India’s online grocery biz in COVID-19 lockdown

eCommerce industry pegged to grow

Photo by nrd on Unsplash

Surges in demand, disruptions in supply chains, customer behavior changes, store closures, and more, amid the coronavirus crisis, have undoubtedly impacted various businesses. As the pandemic lockdown confines us to our homes, only a few industries are expected to thrive or grow, and Indian online grocery retail is one of them. While the lockdown in India in response to the Covid-19 crisis first sent the online retailers into disarray, they were able to return quickly to turn things around and convert the situation into an immense opportunity.

According to the pre-Coronavirus estimates reported by Researchandmarkets, India’s online grocery market was expected to grow from its 2018 value of Rs 6,201 crore (approximately US$ 0.8 billion) to Rs 1,03,413 crore (about US$ 13.5 billion) by 2023. The number in Indian online grocery retail may, however, considering the current scenario, witness a significant spike from the pre-Covid forecast.

The nationwide lockdown and social distancing have prompted many Indian customers to embrace online grocery and food delivery platforms such as BigBasket, MilkBasket, and Grofers. These eCommerce platforms witnessed a spike in orders as consumers started ordering online to stock up on food and household items. For example, BigBasket recently revealed that its daily deliveries have now doubled to 3,00,000 from 1,50,000 before the pandemic.

However, most online retailers, like many other businesses, struggled to meet the massive demand. In the beginning, the shortage of workforce and local administration challenges disrupted their supply chain. These businesses quickly started re-designed their strategies and adopted innovative solutions to overcome challenges and drive their businesses. For example, online meat, chicken, and seafood seller, Licious, known for its express deliveries, opted for slotted deliveries rather than express deliveries due to logistics and workforce shortages. Later, the company tied up with third-party logistics companies to continue its order fulfillment.

Similarly, Bengaluru-based ID Fresh Food, manufacturers of dosa batters, parathas, and other fresh foods realized that the model they are using is inefficient for the lockdown since their customers were finding difficulty locating their products on stores. They quickly rolled out an app known as ‘Storefinder’ to help consumers with a list of 4 to 5 stores in their vicinity that stocked their products. Gurugram-based start-up Delhivery has been using advanced analytics and data science to chart optimal delivery routes and track containment zones so that its delivery staff could fulfill their orders in a timely and safe manner.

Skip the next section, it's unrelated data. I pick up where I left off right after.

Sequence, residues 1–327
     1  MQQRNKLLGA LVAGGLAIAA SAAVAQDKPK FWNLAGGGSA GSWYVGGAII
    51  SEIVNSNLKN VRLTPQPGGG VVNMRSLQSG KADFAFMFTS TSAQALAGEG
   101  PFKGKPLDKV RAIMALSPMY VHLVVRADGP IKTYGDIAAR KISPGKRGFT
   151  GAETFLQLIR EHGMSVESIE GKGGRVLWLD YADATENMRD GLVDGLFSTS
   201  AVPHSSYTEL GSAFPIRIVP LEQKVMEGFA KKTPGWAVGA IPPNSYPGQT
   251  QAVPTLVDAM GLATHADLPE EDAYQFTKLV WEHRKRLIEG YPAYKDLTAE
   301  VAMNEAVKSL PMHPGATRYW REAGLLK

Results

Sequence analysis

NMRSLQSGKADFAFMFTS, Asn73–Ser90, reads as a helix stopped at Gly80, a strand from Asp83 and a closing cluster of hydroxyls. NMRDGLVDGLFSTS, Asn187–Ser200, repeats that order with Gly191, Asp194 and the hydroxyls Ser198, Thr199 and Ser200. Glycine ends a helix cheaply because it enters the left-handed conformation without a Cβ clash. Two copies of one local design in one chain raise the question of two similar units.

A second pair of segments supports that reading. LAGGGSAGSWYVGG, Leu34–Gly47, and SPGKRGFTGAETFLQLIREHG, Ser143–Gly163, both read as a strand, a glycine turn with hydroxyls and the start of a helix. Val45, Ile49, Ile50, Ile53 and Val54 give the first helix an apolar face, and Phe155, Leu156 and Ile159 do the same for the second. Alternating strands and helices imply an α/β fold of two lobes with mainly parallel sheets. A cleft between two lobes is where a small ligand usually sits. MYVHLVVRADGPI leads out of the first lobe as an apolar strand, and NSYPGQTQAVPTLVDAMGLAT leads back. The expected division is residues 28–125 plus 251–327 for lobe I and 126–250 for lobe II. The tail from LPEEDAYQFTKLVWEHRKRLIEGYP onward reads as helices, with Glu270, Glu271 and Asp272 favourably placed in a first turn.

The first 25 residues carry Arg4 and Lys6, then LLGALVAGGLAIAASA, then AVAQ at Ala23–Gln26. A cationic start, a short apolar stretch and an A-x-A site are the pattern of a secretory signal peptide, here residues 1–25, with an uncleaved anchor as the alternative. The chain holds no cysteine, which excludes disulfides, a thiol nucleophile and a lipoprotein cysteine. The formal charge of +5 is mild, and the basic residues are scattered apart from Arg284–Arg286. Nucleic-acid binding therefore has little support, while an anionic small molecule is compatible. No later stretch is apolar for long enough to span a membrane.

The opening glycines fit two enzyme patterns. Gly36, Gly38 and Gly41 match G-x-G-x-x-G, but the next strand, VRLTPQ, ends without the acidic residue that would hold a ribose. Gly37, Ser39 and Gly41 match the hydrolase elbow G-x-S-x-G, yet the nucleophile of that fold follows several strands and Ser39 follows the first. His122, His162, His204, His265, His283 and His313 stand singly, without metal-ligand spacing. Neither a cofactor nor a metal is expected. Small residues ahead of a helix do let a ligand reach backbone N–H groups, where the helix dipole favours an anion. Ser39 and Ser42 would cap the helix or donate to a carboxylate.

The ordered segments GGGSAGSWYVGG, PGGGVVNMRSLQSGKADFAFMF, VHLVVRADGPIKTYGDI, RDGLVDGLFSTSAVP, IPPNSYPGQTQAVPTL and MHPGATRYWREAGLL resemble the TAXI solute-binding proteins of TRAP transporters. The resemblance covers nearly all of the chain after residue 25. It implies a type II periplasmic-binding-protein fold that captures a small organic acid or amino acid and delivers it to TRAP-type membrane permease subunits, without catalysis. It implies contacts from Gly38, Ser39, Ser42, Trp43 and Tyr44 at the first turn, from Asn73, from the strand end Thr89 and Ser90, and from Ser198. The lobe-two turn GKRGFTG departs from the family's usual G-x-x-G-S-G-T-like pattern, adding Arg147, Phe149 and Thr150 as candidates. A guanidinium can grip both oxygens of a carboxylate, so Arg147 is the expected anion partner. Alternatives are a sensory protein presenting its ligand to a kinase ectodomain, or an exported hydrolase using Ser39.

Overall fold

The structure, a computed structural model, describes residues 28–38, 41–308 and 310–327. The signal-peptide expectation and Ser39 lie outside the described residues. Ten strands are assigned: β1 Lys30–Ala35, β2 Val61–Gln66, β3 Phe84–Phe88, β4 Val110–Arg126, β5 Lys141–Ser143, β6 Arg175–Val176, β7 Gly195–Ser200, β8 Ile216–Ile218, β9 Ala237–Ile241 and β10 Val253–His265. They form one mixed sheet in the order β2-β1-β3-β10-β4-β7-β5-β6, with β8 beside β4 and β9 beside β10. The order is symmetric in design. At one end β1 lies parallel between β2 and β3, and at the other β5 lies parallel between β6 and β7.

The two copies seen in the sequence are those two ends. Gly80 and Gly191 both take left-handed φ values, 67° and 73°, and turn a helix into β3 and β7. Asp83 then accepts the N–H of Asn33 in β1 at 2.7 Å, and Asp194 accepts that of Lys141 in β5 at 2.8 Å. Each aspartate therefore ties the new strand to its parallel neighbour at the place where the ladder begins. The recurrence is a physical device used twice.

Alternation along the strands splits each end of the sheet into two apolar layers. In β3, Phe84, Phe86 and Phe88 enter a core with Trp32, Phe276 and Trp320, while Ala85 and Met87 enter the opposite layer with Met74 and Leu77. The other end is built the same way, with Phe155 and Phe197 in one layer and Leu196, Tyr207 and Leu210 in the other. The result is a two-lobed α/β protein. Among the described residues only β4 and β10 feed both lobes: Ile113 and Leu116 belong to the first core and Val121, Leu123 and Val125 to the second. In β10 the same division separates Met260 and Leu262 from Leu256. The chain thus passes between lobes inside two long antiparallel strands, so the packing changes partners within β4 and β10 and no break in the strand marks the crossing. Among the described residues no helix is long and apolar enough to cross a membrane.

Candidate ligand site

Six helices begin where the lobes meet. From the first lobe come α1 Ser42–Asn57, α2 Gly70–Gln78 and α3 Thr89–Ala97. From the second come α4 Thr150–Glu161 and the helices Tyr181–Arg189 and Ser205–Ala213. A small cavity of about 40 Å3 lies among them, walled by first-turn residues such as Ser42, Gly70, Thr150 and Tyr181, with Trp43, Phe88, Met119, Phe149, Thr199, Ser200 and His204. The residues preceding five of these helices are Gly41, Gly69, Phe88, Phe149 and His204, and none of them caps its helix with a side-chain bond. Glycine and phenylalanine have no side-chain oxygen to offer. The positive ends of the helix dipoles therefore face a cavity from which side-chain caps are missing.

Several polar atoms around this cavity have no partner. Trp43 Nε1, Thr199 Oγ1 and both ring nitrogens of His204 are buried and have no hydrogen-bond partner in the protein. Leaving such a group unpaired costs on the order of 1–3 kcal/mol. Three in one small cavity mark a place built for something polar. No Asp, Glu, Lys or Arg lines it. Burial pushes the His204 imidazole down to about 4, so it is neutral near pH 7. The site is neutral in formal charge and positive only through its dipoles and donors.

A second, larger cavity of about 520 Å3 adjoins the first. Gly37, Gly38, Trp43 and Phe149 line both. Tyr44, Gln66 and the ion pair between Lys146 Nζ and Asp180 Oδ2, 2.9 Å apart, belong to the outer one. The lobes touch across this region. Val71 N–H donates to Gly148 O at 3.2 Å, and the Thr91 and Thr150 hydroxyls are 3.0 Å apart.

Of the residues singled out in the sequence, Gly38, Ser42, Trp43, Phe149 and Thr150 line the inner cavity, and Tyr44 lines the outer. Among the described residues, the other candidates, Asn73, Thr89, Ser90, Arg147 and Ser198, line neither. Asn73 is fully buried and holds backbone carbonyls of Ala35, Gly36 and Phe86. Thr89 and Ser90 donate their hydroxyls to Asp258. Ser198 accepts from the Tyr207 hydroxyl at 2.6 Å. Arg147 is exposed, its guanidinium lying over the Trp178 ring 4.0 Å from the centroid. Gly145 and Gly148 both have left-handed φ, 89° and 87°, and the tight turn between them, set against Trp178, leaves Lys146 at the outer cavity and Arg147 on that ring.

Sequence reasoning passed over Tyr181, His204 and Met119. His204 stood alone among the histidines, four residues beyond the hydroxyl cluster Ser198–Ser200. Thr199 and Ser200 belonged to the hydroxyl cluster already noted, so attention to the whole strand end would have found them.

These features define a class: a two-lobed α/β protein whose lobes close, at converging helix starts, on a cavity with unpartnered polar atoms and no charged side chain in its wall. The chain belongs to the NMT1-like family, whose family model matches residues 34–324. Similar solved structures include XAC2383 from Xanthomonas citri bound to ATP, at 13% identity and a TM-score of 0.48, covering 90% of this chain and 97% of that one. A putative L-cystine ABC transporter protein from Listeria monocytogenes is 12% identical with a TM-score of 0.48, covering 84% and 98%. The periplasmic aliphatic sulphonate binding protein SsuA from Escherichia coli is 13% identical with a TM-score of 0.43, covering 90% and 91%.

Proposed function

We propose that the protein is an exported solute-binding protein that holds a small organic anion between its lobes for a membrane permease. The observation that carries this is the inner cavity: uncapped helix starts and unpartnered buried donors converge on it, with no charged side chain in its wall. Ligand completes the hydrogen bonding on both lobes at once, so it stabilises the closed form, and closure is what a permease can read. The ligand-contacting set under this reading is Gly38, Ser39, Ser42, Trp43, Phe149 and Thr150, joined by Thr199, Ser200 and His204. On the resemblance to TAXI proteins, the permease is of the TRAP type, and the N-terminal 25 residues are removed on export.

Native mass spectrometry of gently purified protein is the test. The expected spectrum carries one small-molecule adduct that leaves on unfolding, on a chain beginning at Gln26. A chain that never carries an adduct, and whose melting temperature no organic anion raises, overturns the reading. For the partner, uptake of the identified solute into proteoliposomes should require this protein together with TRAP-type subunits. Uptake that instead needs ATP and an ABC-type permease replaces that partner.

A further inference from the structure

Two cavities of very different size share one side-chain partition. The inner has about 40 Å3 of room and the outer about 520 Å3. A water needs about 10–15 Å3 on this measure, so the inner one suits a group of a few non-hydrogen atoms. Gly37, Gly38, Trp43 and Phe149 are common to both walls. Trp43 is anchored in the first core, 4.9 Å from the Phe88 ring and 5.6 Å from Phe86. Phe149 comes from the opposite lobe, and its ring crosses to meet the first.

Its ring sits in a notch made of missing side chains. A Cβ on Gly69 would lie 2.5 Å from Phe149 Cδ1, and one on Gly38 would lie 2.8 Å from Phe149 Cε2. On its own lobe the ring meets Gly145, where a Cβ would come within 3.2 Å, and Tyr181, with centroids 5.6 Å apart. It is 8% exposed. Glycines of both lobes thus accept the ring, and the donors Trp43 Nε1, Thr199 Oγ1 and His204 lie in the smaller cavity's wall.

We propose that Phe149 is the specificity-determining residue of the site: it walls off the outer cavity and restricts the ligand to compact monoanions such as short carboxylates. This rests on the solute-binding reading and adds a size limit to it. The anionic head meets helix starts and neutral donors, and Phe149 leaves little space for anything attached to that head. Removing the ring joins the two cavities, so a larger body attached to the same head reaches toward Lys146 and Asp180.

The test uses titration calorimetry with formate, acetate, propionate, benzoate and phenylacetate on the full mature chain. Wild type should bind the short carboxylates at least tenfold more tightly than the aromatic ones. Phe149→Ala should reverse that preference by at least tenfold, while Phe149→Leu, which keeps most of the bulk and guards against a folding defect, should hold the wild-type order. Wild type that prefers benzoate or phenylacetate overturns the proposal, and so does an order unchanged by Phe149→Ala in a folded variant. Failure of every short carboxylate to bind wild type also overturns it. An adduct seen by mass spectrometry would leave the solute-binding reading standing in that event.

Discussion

On the other hand, the rise in demand has encouraged players such as Snapdeal, Zomato, Uber, Dominos, Paytm Mall, Shopclues, and others to enter online grocery delivery platforms. The latest is Amazon that has started up in Bengaluru with helping restaurants and cloud kitchens. Even the third-party logistics companies sought permission from the authorities under the essential services category. Many, like Snowman Logistics, rose to the occasion to support these online platforms for the home delivery of food, medicine, and other essential items.

While these online food and grocery start-ups have learned to manage the new normal and brave the odds, better prospects may await these companies in the post lockdown era. The pandemic has brought a shift in consumer’s purchasing behavior, which will allow these companies to expand their businesses and increase customer base further. Or will Amazon take away a large part of their buzz?


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Technical Editor - Mandeep Kaur is working with IPP Group and holding editorial responsibilities for the IndiFoodBev and PSA Healthcare platforms. Earlier she handled editorial responsibilities of food, beverage, and agriculture publications at another publisher. A gold-medalist in M Tech (Food Technology), she has hands-on experience in operating different types of instruments related to physico-chemical testing of grains and flour. She has worked at Evalueserve in the Intellectual Property (IP) division for more than three years handling projects in the life sciences domain.


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